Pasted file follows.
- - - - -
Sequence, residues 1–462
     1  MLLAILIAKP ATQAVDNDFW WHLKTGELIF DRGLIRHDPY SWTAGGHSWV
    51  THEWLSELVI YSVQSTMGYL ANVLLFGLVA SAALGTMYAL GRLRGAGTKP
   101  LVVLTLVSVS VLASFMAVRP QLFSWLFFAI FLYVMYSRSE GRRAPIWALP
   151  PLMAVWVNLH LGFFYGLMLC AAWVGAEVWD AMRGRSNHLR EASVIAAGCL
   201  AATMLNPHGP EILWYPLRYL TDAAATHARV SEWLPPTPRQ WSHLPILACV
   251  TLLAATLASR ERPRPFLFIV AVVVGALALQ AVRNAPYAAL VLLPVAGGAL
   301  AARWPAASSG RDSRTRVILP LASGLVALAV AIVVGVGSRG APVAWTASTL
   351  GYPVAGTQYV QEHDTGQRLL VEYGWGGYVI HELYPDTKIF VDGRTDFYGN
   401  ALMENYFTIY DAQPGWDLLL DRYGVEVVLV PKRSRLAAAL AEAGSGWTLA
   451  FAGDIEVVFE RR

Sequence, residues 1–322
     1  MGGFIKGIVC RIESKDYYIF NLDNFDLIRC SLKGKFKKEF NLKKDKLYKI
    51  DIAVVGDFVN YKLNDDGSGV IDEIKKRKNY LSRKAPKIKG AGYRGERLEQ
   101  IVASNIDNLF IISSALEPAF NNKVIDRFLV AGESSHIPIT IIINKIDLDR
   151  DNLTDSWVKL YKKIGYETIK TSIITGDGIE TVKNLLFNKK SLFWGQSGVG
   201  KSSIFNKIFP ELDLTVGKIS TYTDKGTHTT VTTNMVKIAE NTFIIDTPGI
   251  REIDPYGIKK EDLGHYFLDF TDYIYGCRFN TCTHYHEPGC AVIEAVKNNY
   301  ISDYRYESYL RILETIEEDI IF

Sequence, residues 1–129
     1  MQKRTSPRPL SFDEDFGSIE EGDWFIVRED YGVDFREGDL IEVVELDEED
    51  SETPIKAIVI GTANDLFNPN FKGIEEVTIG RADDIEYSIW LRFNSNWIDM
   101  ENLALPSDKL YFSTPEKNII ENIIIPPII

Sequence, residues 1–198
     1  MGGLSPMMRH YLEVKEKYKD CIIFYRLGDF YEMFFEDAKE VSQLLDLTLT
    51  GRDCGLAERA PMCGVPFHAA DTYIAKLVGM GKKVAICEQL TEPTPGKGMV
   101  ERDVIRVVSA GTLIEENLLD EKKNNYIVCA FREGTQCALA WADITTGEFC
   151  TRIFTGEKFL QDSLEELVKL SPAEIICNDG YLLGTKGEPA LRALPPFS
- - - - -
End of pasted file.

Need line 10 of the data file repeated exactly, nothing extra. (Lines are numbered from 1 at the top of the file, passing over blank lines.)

   401  ALMENYFTIY DAQPGWDLLL DRYGVEVVLV PKRSRLAAAL AEAGSGWTLA